Less than a quarter of people across all 15 countries surveyed express confidence in Donald Trump, the presumptive Republican nominee for U.S. president. In fact, overwhelming majorities in most of the countries surveyed have little or no confidence in his ability to handle international affairs. This includes 92% of Swedes, 89% of Germans, 88% of Dutch and 85% of both the French and British. This distaste is especially strong in Sweden, where 82% have no confidence at all in him.
Among people in Poland and Hungary, views of Trump also tend to be negative, although many people do not offer an opinion in these countries.
Most Australians (87%), Canadians (80%) and Japanese (82%) also lack confidence in Trump. In China, there is a split between those who have no confidence in Trump (40%) and those who do not offer an opinion (39%). And in India, 67% do not offer an opinion.
In Europe, positive opinions about Trump vary by political party support in many nations. For example, in Italy, supporters of Forza Italia, a center-right party founded by former Prime Minister Silvio Berlusconi (who, like Trump, is independently wealthy), show more confidence in Trump (31% confidence) than do followers of the country’s Democratic Party (15%). Trump also receives greater support among those Italians who have a favorable view of the anti-immigrant and Euroskeptic Lega Nord party.
And in the UK, followers of the Euroskeptic, anti-immigrant party UKIP are also much more likely to voice confidence in Trump (30%) than those who follow the Conservative (13%) or Labour (8%) parties. However, it should be noted that while confidence for Trump is higher among these groups, it still represents very low levels of confidence in the presumptive GOP candidate.
Higher levels of confidence in Trump among Euroskeptic and anti-immigrant parties extend to other countries as well. In Germany, for example, people who have a favorable view of Alternative for Germany (AfD), a right-wing and increasingly anti-immigrant party, are more likely to have confidence in Trump (19%), compared with those Germans with an unfavorable view of AfD (3%). And in Hungary, people who have a favorable view of Jobbik, a far-right nationalist party, are more likely to have confidence in Trump (28%) compared with those who have an unfavorable opinion of Jobbik (17%).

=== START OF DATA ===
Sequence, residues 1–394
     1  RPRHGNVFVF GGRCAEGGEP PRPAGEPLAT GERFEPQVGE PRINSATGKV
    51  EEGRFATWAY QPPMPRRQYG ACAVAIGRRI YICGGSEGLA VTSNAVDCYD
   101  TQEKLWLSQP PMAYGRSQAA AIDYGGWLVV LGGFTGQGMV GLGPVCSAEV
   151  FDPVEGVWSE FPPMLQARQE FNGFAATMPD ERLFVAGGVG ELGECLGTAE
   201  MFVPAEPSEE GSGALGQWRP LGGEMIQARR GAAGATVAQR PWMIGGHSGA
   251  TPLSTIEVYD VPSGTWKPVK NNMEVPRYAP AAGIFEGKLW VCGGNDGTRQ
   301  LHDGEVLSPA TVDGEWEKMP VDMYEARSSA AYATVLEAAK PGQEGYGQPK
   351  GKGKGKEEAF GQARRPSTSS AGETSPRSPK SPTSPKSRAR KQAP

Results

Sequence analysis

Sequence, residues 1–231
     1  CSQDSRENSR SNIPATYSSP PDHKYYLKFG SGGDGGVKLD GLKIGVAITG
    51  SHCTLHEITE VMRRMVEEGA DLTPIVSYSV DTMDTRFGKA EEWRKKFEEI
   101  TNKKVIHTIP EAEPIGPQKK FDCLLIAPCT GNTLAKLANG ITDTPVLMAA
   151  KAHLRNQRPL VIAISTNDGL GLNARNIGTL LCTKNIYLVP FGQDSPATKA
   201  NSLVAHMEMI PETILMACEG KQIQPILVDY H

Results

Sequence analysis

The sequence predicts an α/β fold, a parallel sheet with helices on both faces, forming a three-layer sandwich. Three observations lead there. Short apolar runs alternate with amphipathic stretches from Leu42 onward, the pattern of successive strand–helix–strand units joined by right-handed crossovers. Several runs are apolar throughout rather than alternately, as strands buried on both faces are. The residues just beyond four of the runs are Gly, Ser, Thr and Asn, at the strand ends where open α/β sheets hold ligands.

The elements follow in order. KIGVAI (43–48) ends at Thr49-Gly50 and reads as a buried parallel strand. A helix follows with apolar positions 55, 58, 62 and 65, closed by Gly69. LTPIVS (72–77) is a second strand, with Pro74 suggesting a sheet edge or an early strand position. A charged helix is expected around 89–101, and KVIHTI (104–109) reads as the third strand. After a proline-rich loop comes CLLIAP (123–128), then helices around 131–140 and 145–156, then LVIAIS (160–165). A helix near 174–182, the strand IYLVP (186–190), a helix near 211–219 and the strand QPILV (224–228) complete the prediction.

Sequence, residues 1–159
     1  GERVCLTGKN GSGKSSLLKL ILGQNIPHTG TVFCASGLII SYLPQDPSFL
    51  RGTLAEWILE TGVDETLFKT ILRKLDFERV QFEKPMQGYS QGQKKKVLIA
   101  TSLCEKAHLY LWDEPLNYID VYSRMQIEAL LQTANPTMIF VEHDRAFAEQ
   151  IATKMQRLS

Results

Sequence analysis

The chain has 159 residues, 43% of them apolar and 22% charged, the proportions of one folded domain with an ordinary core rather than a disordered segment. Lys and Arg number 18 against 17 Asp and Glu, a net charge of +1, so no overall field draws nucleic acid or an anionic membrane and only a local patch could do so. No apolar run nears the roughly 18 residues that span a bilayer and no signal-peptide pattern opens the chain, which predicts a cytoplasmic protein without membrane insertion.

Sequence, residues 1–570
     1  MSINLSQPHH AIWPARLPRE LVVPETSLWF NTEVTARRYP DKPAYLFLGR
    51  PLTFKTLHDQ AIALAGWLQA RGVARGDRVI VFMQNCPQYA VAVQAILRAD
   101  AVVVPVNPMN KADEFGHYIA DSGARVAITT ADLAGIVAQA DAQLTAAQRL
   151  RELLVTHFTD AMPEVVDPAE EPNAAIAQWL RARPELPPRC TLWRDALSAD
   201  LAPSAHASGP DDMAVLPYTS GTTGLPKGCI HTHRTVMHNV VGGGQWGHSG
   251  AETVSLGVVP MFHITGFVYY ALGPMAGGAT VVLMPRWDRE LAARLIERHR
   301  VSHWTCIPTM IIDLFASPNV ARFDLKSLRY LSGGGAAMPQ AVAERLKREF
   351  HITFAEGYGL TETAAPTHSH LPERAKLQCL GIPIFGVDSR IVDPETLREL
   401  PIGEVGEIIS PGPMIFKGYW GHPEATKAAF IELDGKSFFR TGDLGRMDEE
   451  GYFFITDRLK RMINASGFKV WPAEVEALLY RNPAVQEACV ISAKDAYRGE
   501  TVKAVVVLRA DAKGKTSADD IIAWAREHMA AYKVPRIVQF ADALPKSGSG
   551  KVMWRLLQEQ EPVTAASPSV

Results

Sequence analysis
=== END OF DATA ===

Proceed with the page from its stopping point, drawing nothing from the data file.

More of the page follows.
Additionally, positive views of Trump are tied to confidence in another international leader tested: Russian President Vladimir Putin. In all the countries surveyed with a large enough sample size to permit analysis, people who have confidence in Putin are more likely to express confidence in Trump. For instance, among those in Italy who have confidence in Putin to handle world affairs, 44% express confidence in Donald Trump. Meanwhile, among Italians who express little or no confidence in Putin, only 12% have confidence in Trump.
Sanders and Cruz not well-known
Because the survey was fielded halfway through the U.S. presidential campaign (April to May) when the race on both sides was far from over, it included confidence ratings of two other candidates: Democrat Bernie Sanders and Republican Ted Cruz. While many people expressed no opinion of either one, there were some exceptions.
In Canada, 57% had confidence in Sanders’ ability to handle international affairs – as did 51% in Sweden, 46% in Australia and 45% in the Netherlands. On the other hand, 56% in Spain, 46% in France and 45% in Greece had little or no confidence in Sanders’ foreign policy acumen.
Cruz, who is also not well known in the countries surveyed, receives less favorable ratings than Sanders. In no nation polled did more than a third of the public have confidence in Cruz to do the right thing when it comes to world affairs. Cruz received especially poor marks for foreign policy from the Spanish (57% little or no confidence) and the Swedes (55%).
Views of the U.S. campaign mixed in Asia and Canada
In Australia and Canada, overwhelming majorities had a negative impression of the U.S. presidential campaign as it stood in late spring. This includes 75% of Australians and 69% of Canadians who say the U.S. campaign was perceived negatively. In Japan, results are mixed, with 44% having a positive opinion of the campaign and 39% holding a negative impression. However, pluralities in China (45%) and India (42%) have a positive impression of the U.S. election.